profit. While those who are more ad. these reasons, it is peculiarly imvanced in life, taking little or no time for

portant that the gospel of Jesus meditation and reading in private, do not

Christ should be proclaimed in the grow as they ought in scriptural knowledge, and remain but babes, while they

most scriptural manner in our poought to be strong men in Christ." pulous cities. This illustration of Yet in these great cities, it is of

his subject, Dr. M. has followed

with a suitable and very appropripeculiar importance that the gospel should be preached most plainly and

ate address to his young friend and

pupil, Mr. Nevins. The discourse powerfully, because of the “inten

was well timed, and manifests such sity of character usually observa

decision on the fundamental point ble" in them.

of our Saviour's DEITY, as we could “ It is a maxim, among wise physicians, wish all the author's brethren in that the most strongly marked diseases, the ministry might imitate. “In call for the most bold and vigorous treatment. To counteract a poison of pecu

great cities,” he says, “likewise, or liar virulence, remedies of the most ac at least, in states of society similar tive character must be employed. So it to what is commonly found in such is in the moral and spiritual world. places, has generally commenced Where difficulties more than commonly that fatal decline from orthodoxy, powerful and obstinate exist, remedies of corresponding potency ought to be sought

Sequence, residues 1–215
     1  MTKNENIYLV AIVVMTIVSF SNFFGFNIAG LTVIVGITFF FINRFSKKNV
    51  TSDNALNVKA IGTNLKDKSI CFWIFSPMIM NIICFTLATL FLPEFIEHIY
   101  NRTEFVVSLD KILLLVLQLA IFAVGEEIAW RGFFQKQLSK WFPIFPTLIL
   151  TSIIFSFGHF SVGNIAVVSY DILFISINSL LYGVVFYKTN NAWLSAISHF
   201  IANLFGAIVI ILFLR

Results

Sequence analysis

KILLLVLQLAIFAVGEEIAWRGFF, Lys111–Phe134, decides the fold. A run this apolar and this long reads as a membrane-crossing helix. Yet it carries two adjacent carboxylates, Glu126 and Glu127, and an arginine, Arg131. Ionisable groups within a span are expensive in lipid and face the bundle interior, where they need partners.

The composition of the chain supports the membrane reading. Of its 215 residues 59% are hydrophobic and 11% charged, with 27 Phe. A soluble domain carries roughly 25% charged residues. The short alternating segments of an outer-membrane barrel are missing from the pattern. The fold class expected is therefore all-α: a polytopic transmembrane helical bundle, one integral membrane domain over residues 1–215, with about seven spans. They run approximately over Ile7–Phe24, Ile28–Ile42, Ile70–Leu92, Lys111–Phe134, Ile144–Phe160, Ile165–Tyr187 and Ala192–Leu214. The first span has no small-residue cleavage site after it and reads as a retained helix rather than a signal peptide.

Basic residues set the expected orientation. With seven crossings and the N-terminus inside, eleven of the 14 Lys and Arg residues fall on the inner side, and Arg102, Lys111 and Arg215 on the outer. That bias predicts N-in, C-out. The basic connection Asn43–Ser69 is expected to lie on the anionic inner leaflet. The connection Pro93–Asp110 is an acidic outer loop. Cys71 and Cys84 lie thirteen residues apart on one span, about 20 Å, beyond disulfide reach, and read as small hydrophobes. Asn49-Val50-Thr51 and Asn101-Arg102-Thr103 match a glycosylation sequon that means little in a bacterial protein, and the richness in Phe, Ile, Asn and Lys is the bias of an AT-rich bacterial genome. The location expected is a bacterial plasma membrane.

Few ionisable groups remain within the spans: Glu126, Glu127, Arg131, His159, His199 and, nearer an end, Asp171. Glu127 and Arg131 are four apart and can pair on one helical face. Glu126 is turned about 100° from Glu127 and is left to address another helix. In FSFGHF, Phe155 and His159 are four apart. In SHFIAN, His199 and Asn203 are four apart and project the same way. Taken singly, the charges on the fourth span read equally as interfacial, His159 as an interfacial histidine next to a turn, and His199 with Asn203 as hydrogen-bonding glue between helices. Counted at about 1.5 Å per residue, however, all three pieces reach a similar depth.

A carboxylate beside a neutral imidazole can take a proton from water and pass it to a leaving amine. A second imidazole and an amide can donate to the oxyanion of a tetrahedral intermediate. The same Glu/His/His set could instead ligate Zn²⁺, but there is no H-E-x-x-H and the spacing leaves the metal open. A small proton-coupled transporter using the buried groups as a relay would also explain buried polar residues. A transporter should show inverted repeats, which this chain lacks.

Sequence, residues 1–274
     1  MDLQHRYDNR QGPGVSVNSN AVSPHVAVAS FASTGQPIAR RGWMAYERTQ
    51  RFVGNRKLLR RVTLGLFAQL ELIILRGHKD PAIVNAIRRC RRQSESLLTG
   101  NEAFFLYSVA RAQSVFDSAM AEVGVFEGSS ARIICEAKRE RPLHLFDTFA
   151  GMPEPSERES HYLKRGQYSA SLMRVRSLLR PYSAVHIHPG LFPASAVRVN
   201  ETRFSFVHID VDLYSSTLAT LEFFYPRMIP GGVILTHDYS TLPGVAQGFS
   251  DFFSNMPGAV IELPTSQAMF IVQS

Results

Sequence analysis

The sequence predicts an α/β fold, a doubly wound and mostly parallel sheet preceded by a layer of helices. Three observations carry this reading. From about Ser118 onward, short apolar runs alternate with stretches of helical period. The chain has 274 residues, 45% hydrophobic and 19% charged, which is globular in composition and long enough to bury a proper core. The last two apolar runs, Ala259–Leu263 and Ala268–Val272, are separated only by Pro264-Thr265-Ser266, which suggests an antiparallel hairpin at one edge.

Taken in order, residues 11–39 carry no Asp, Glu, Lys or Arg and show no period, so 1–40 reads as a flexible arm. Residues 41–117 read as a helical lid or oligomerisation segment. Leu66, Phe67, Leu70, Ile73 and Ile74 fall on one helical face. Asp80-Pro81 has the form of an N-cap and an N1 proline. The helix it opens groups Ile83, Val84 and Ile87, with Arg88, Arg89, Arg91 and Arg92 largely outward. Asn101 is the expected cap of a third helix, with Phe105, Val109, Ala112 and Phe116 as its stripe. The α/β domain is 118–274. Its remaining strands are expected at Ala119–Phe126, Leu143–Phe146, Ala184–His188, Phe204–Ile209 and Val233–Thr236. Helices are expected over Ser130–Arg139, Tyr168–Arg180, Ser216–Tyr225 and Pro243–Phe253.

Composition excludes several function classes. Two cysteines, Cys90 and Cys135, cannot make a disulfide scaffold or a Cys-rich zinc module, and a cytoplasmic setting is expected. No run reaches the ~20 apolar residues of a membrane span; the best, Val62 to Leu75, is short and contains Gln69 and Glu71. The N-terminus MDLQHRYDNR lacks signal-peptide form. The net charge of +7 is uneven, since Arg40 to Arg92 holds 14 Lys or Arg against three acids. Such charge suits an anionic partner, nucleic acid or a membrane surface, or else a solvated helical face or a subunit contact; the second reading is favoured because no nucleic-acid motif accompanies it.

which began, perhaps, with calling and diligently applied. Since, then, the

in question some of what are styled gospel of Christ exhibits the only ade the more rigid peculiarities of requate remedy for human depravity and ceived creeds, and ended in emmisery, it ought to be preached with peculiar plainness, fidelity and perse

bracing the dreadful, soul-destroyverance, wherever the diseases which it ing errors of Arius or Socinus." it is intended to heal, reign with more

To this remark Dr. M. has appendthan ordinary malignity."

ed the following note: Again: in great cities, “ the

gos

“The above language, concerning the pel is commonly addressed to great

destructive nature of the Arian and Soci.

nian heresies, has not been adopted lighter numbers at once than in more re

ly; but is the result of serious delibera. tired places ;" these cities form tion, and deep conviction. And in con“ the most vital portion” of the formity with this view of the subject, the

author cannot forbear to notice and record country in which they are situated; in them“ there is apt to be less

a declaration made to himself, by the late

Dr.Priestley, two or three years before the reading, less retired devotion, less